“Tears for Steve Biko”, by far the album’s longest cut at 16:28, is contrastingly discursive, and the closest this studio session gets to the free-wheeling divination of live free jazz. Hawkins plays energetically, always responsive to Moholo-Moholo, freeing Yarde toto range freely or extrapolate commentary, as he does when Hawkins plays complex clusters a la Cecil Taylor. Edwards studs painterly abstraction with vital rhythmic pinpoint, his expressive sensitivity spotlighted during a hushed passage in which he plays a subtly-textured solo, setting the tone for a thoughtful collective rumination as the quartet effectively disassemble their performance.

The ‘rhythm’ section play a rubato intro to “Blokes”, but Yarde’s serpentine solo exploits circular-breathing techniques, prompting a likewise fluent response from Hawkins, and the performance snowballs from there. It eventually comes to rest only to release a busy exchange between sax and piano, which prompts a heated full-group debate yielding another ear-worm hook motif. A quiet segue leads straight into the brief, disputative and ultimately open-ended “Yes Baby, No Baby”.

The last two pieces are different in feel, effectively a coda. Yarde is superb on “Angel_Nomali”, a composition by the late Blue Note saxophonist Dudu Pukwana, soloing loquaciously as his bandmates comp in warm, freewheeling style. Their restraint allows Yarde to invest his reading with deep feeling, briefly shading into sadness on the introduction to “Something Gentle (Reprise)”, a poignant conclusion to an album that re-affirms the irrepressible spirit of Moholo-Moholo’s music.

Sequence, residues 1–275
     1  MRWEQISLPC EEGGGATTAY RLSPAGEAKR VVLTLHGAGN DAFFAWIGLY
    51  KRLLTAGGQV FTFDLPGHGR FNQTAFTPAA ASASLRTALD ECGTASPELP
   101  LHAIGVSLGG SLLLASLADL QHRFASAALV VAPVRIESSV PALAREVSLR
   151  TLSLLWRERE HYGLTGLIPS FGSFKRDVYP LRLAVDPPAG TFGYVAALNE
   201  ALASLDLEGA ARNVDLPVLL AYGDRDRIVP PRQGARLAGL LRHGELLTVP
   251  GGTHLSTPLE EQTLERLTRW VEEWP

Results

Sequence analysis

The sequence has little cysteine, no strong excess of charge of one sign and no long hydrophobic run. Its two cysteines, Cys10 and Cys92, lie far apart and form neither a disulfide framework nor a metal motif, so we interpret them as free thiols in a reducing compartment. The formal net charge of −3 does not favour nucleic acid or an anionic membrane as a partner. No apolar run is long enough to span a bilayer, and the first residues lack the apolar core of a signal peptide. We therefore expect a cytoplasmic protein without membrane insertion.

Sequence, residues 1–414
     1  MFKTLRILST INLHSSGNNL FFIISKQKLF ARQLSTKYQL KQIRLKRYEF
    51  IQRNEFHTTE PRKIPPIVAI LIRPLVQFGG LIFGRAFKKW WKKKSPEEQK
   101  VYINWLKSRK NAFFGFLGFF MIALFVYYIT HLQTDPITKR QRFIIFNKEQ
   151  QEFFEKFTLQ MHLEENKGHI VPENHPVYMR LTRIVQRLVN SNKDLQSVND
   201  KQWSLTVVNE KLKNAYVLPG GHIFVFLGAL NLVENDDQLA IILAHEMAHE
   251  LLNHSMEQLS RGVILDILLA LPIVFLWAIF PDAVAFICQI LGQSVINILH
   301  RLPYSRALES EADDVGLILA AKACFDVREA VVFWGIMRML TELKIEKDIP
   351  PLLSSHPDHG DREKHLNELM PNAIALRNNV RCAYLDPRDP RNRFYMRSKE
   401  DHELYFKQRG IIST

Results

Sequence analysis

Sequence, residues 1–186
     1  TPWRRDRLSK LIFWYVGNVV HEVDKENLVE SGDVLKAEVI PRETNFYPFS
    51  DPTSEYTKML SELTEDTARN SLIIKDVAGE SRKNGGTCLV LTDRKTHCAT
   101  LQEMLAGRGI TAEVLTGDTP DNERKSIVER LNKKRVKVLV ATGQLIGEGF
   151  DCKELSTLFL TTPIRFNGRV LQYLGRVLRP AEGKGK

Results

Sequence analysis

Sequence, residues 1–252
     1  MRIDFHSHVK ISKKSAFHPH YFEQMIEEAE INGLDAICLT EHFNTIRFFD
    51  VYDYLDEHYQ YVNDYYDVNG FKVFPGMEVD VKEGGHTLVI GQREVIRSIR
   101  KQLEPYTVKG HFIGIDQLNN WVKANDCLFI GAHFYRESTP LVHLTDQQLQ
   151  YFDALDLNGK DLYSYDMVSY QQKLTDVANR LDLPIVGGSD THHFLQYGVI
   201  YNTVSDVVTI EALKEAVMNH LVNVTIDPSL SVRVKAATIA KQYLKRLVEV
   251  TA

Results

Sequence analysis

Both 4 Blokes and For the Blue Notes are ‘anniversary releases’ marking Ogun Recording’s 40 years as an independent label. Ogun was created by Hazel Miller and her husband Harry, a South Africa-born bassist, peer and close associate of Moholo-Moholo. It was Ogun that released Moholo-Moholo’s first album as leader, Spirits Rejoice, in 1978, and—with Hazel keeping the faith after Harry’s accidental death in 1983—also reissued the Blue Notes’ key albums as The Ogun Collection in 2008.

4 Blokes is as vital as anything in the catalogue. On one hand it seems less invested with the jouissance of the Blue Notes’ South African musical roots than many older titles in the Ogun catalogue, closer in spirit to European free jazz in the FMP vein; on the other, that’s a reminder of how much of the former has leached into the latter. And it takes the story forward.

Jason Yarde saxophones; Alexander Hawkins piano; John Edwards bass; Louis Moholo-Moholo drums.

Related Posts
Wadada Leo Smith & Louis Moholo-Moholo – Ancestors
Alexander Hawkins & Louis Moholo-Moholo – Keep Your Heart Straight
Chris McGregor’s Brotherhood of Breath – Procession
Alexander Hawkins Ensemble – All There, Ever Out

Leave a Reply

Fill in your details below or click an icon to log in:

WordPress.com Logo

You are commenting using your WordPress.com account. Log Out /  Change )

Twitter picture

You are commenting using your Twitter account. Log Out /  Change )

Facebook photo

You are commenting using your Facebook account. Log Out /  Change )

Connecting to %s